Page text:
Friday, May 31, 2013

Gotta Move While It's Still Fun

Tuesday night, I saw the Rolling Stones live at the United Center.  It is their 50th anniversary tour.  Predictably, it was an awesome show.  They played a nice mix of standards –- including "Satisfaction," "Get Off My Cloud," "Tumblin' Dice," "Wild Horses," "It's Only Rock 'n' Roll," "Gimme Shelter," "Sympathy for the Devil," and "You Can't Always Get What You Want" (complete with a choir) –- and some deep cuts, like "Rocks Off" and two of my favorite Keith-fronted songs, "Before They Make Me Run" and "You've Got the Silver," not to mention "Midnight Rambler," featuring former Stones guitarist Mick Taylor (who still has great chops).  (For a full set list, click here.)

Here are a couple shots of the stage, before the show, during the first song, and, very fuzzily, at some point later when Mick was walking around the giant tongue-shaped platform that protruded into the crowd.

You can't help but marvel at how much these guys rock, given that they are past retirement age for most adults.

Mick, who turns 70 in July, struts around stage like a rooster in his prime.  His waist is smaller than most runway models' waists, and his voice sounds the same as it did 40 years ago.

While Keith is also almost 70, he looks like he's 175,000 years old, and his liver probably is, but he still plays and sings like he's 20.

At 71, Charlie essentially looks the same as he did fifty years ago, except with gray hair (and a little less of it) and a few wrinkles.  He always looks so proper, so distinguished, so British.  The man can still play the drums too.

As the young pup of the gang (turning 66 Saturday, and hopefully celebrating at Mayfest in Lincoln Square with me), Ronnie still looks the most like a boy, although his face has seen better days, and he'd probably tell you the same, laughing as he goes home to his wife who is younger than me.

As much as you don't want to think about it, when you're watching these guys perform at this age -– in between the fits of euphoria that come with seeing the Rolling Stones live -- you inevitably think "this may be the last time" (pun intended), and for one reason or another, I was asking myself if it will be saddest when Mick, Keith, Ronnie, or Charlie dies.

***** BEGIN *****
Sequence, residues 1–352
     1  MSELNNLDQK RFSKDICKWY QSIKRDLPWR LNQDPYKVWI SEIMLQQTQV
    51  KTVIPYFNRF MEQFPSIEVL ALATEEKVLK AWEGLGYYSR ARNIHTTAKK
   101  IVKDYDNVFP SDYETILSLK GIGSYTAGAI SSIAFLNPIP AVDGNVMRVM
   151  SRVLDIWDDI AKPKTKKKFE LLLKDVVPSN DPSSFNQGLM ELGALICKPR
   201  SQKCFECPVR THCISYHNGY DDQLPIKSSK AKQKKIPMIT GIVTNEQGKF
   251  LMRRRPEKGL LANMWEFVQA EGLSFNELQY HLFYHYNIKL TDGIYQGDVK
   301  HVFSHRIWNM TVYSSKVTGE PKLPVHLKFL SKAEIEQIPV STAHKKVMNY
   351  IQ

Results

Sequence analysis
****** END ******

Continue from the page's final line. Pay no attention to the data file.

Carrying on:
Don't get me wrong, it will be sad when any of them dies, since the Rolling Stones will effectively die as well, but I think it will be the saddest when Charlie dies.  If you think about it, he's been the constant rock for the past fifty years.  While everyone else in the band has had well-publicized drug problems, arrests, encounters with groupies, and various relationships and marriages, Charlie has been faithfully married to the same woman since 1964 and remained out of the spotlight that has followed his band mates' nefarious doings.  Mick may marry another model, Keith may fall out of a tree, and Ronnie may go back to rehab, but Charlie will always be there, sitting in back, keeping time with that debonair nonchalance.  He's the glue. 
While he's far from a normal human being –- given that that he's the drummer for the fucking Rolling Stones -- he always comes across as just a normal guy, balancing out his band mates' rock star personas and wardrobes.  Mick prances around stage in capes and spandex, and, obviously, has the most interaction with the crowd.  Keith dresses like some sort of junkie pirate that just rolled out of bed and always has that smirk on his face like he's pulling one over on the world.  Ronnie wears sleeveless shirts and tight black jeans, and has hair reminiscent more of a cockatiel than a sexagenarian. Then there's Charlie, sitting in a solid red t-shirt and pressed khakis, with well-groomed hair and an unwavering stoic expression on his face as he pounds away.  He could very well be your retired grandfather, the lawyer (or barrister, as it were). 
Maybe that's it.  He's not flamboyant and doesn't act like a "rock star," which gives him more of an everyman appeal and shows people that you can do extraordinary things without being a freak or strung out.  Just do your job until you can't do it anymore, and look good doing it. 
Here's to hoping I'll be saying the same thing in another ten, twenty, and thirty years.  And yes, I fully expect them to be doing this when they're 100.

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